Illustration for article titled Riot Addresses Concerns Over iValorant/is Always-On Anti-Cheat System
Image: Riot Games

Players who install Valorant, the new first-person shooter from Riot, also add to their computer an anti-cheat system that activates whenever they boot up their computer. It’s practically always on, which caused quite a stir within the gaming community after being discovered yesterday.

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A Riot rep tells Kotaku that their anti-cheat system, called Riot Vanguard, needs this depth of access to stop aggressive cheaters, but some players insist the program goes overboard with its coverage.

“You have a piece of software that can’t be turned off, that runs with elevated privileges non-stop on your system,” one of the Reddit users who first called attention to the issue wrote. “Let’s say the anti-cheat gets compromised tomorrow, you won’t know that your computer is exposed and it won’t update until you start the game.”

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Riot’s anti-cheat lead Paul “RiotArkem” Chamberlain responded to these concerns on the Valorant subreddit, telling concerned players that Vanguard was functioning as intended. This is very different than common anti-cheat programs like Fortnite’s EasyAntiCheat, which is only active when the game is active. A common way to bypass such measures is to activate cheats before loading the anti-cheat program and even utilizing exploits that tamper with the anti-cheat directly as it turns on, Chamberlain said. Riot claims that having Vanguard boot up with players’ computers was the best way to prevent these tactics.

“The anti-cheat driver itself is only one small component of Vanguard,” Chamberlain told Kotaku via email, expanding on the answer he gave on the Valorant subreddit. “We’ve also built a new backend that allows us to be more specific with our anti-cheat checks, instead of running the same security scans on all computers, we can run checks in response to player reports, or other suspicious behavior which allows us to reduce the frequency and intensity of scans on the majority of players’ computers.”

Another sticking point players have with Vanguard is that it’s given administrator-level privileges on their machines, further opening the possibility for malicious attacks should a shady person or persons compromise the anti-cheat system. Chamberlain again said this wasn’t an issue since most computer programs, especially anti-cheat software, are given that level of access. One way to think of Vanguard, he continued, is as a “very specialized antivirus program that only protects Valorant.”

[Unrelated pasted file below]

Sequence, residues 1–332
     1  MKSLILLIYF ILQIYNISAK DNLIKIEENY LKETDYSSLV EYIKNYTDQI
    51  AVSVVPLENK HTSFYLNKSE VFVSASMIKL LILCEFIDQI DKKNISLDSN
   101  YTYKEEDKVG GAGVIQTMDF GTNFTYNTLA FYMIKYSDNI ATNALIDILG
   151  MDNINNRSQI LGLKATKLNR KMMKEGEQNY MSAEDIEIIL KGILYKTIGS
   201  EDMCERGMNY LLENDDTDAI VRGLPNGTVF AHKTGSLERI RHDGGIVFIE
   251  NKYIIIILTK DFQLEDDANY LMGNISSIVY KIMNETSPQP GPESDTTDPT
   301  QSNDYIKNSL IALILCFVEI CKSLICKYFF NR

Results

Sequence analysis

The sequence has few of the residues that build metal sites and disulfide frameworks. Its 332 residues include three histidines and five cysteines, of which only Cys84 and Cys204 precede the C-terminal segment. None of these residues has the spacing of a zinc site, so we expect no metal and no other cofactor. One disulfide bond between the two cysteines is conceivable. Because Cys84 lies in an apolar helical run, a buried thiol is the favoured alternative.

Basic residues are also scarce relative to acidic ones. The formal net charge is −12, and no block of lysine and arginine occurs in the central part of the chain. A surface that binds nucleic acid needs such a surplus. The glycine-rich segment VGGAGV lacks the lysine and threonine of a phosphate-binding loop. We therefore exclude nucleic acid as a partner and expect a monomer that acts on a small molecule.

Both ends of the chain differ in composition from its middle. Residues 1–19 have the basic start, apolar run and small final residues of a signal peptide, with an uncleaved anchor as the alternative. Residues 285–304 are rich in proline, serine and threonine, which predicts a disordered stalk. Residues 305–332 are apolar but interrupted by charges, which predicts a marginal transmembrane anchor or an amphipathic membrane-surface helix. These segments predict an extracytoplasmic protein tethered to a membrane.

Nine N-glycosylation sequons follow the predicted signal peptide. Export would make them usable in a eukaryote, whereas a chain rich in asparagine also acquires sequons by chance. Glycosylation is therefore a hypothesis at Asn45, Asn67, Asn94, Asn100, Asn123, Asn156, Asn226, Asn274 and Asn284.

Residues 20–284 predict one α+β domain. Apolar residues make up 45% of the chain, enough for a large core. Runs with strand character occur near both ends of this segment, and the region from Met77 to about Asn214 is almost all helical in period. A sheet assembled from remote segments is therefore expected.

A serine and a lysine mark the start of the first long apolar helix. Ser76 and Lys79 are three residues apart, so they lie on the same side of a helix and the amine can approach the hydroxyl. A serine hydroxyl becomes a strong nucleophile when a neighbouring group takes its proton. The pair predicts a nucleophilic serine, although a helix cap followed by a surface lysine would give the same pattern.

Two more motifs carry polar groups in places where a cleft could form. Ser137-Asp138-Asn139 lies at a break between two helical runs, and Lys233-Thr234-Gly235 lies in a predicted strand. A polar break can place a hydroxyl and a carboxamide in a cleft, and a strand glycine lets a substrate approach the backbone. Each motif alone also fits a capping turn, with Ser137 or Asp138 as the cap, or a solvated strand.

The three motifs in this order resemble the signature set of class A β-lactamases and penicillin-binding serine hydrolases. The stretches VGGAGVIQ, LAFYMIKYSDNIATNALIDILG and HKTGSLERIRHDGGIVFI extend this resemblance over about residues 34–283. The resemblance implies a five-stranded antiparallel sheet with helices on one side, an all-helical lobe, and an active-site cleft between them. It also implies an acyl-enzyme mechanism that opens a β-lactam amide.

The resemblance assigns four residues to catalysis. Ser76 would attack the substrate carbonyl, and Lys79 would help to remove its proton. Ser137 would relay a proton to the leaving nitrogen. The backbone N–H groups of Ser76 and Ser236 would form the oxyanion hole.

“All of Vanguard has been audited for security weaknesses by external audit firms as well as our internal security team, with a particular emphasis being placed on the kernel component,” Chamberlain explained. “We’ve built it on a principle of ‘least privilege,’ where the driver has as few features and does as few things as possible. For example, the driver does not communicate with the internet or collect any information. All functions that can be done outside of the driver context are done by non-driver components. This reduces the attack surface of the driver making it less likely that security vulnerabilities exist.”

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That said, it’s hard to verify these claims about Vanguard from the outside looking in. Players are simply being asked to trust Riot. Vanguard will also prevent players from using any modifications, even innocent cosmetic changes. The official line from Riot is that they are open to changing their anti-cheat measures in the future should players continue to find issue with them.

“We invite players who are unsure to observe our actions and call us out if they don’t like what they see,” Chamberlain said. “We think most players will appreciate our efforts but if they don’t then we’ll change tactics and find another way to meet our player’s expectations.”

Staff Writer, Kotaku

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